So far, my account of my trip to India this summer has centered on time spent in Mumbai (which was our home base) and its surrounding cities. I want to return to my travel narrative over the next few posts — first focusing on Delhi and later on some of the other cities in India we visited. My time in Delhi was especially preoccupied with trying to understand the current state of comics and graphic novels in India, given that many key artists and authors are based in that city. I am going to use the next few posts to share what I learned.
Parmesh Shahani from the Godrej Indian Culture Lab, my host, had arranged for a meeting at the Crafts Museum for lunch with a mix of some of the country’s top creators of graphic novels. The Museum itself is a great institution. It showcases living crafts traditions from across the country. The museum is open air: you walk around and look at, for example, a massive display of terra cotta sculptures, wall paintings and carvings representing different traditions, and stalls where craftspeople are producing and selling their work. The Crafts Museum proved to be the ideal location for this gathering, since it allowed me to place contemporary graphic practices in India in the context of a much larger tradition of pictographic wall art from various local cultures.
The following are some examples of what these wall paintings look like: it is not hard to find here forms of local practice that display principles of juxtaposition and sequence, stylization and expression, and simplification and exaggeration, that could provide the cornerstones for more contemporary forms of cartooning, and indeed, as we will see, some contemporary artists are beginning to build upon these practices to create distinctive kinds of graphic practices. The mural below represents a Muriya painting from Bastar, Chhatisgarh.
Below, in red, are figures drawn by Warli artists, who come from Maharashtra.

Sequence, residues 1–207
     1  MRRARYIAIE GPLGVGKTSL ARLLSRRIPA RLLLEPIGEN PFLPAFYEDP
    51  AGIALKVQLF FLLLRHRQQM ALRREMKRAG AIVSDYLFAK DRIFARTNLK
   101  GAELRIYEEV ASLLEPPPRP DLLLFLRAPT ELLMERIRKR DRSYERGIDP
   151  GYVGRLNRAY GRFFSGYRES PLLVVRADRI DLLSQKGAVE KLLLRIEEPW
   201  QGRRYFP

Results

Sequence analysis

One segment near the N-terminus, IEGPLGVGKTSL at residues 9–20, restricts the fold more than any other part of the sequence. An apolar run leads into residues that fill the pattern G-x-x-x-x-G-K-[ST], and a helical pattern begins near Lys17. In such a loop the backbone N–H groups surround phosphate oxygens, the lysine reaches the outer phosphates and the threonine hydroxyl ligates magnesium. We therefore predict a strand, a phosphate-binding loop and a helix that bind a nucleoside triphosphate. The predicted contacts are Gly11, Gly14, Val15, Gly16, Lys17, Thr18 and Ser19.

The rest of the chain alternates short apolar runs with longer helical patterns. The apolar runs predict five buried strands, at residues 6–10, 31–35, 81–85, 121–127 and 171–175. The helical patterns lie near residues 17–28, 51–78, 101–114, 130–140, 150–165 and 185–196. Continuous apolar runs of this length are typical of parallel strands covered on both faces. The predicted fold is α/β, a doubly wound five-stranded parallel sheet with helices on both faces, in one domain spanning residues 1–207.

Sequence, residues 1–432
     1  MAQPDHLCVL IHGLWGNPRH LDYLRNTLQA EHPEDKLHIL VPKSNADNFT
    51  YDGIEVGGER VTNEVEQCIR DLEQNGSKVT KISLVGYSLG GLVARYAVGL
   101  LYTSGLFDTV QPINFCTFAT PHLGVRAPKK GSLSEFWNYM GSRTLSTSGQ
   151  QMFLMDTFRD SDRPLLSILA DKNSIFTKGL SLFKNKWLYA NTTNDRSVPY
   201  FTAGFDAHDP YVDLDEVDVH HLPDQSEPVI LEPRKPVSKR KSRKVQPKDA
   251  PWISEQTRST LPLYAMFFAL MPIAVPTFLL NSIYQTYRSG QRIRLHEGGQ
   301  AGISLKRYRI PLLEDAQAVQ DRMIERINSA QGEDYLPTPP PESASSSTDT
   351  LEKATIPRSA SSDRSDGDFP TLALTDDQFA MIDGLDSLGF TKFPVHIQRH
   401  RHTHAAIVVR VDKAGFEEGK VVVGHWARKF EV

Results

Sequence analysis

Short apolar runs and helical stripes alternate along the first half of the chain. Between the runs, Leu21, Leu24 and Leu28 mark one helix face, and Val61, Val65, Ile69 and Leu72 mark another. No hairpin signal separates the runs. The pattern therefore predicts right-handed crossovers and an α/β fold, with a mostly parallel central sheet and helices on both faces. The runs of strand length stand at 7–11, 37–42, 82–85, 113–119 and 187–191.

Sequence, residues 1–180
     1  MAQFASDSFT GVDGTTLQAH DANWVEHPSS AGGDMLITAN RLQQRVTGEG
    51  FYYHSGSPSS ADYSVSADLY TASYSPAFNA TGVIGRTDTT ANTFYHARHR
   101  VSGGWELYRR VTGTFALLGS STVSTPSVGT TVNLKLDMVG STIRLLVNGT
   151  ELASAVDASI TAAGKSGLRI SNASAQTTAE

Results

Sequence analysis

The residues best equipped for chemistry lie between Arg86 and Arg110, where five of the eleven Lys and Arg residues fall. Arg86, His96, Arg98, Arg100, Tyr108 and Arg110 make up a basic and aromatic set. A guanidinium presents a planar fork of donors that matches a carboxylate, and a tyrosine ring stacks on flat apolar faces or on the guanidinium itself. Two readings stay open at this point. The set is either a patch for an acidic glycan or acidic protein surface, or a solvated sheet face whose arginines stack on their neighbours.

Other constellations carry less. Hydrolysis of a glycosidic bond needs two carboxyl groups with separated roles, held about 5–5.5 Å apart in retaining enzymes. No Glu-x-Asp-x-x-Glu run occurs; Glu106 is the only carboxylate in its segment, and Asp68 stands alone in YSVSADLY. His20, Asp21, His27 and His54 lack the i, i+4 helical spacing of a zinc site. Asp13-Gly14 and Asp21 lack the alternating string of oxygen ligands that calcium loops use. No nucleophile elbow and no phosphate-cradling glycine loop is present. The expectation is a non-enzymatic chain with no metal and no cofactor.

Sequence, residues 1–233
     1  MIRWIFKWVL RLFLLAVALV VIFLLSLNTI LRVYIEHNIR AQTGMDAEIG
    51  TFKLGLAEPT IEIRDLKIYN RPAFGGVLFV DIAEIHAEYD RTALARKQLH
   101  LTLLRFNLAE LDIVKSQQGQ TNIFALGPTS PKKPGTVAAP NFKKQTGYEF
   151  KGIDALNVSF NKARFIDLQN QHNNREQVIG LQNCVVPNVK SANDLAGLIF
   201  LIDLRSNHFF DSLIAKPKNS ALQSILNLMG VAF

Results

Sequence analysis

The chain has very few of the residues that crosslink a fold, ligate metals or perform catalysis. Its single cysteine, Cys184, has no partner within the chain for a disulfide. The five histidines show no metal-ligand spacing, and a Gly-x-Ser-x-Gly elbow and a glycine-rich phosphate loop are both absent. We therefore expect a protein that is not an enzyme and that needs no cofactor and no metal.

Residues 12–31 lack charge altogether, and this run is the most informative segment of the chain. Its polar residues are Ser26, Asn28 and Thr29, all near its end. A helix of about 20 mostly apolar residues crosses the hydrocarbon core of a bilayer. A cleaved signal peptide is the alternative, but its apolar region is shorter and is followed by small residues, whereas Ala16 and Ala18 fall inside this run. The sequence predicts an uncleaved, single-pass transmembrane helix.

Below is a mural representing the traditions of Patachitra artists from Odisha, which is striking because of its use of panel boxes, unlike almost all of the other folk art styles we saw.
And these are Gond paintings from Madhiya Pradesh.
Below are some of my impressions of a contemporary graphic novel, Bhimayana: Incidents in the Life of Bhimrao Ramji Ambedkar, which was inspired by Gond art.The story was written by Srividya Natarajan and S. Anand and illustrated by Durgabai Vyam and Subhash Vyam. Ambedkar was an important spokesman for the rights of the Dalits (or “Untouchables”), and this book deals with the politics of the caste system in India, attempting to bridge from historic events and struggles in the early 20th century with some of the still horrible conditions and prejudices confronting the Dalits today. As an American, I had a high school geography class level understanding of the caste system, but this was a really powerful account of how caste worked on the level of basic human needs, especially focusing on access to water and shelter, and it was chilling to read accounts of very recent incidents of violence directed against the Dalits by upper caste Indians, when they crossed informal lines about whether or not they can draw water from a particular pond, even though they had been granted basic human rights some decades before. Ambedkar sounds like a remarkable political leader, who the comic suggests has often been left out of many contemporary accounts of the country’s history, except insofar as he is credited with helping to write the nation’s constitution upon its independence from Great Britain.
As powerful as the content of the graphic novel is, what really blew me away was the visual style: it is unlike any comic I have ever read before (and that’s increasingly difficult to accomplish). The artists are Gonds, that is members of a tribal community in Central India, which maintain a very traditional culture, and have developed their own art style known as Digna. According to the explanation in the back of the book, the artists had never encountered graphic novels before and found some aspects of the form philosophically troublesome: “We’d like to state one thing very clearly at the outset. We will not force our characters into boxes. It stifles them. We prefer to mount our work in open spaces. Our art is Khulla (open) where there’s space for all to breathe.” We can understand this position better looking at the example above and this one below of their traditional wall art, where there are no formal boundaries between figures. And when you see these huge, intricately entangled, wall paintings, you get a fuller sense of how they have had to reimagine this style for the printed page.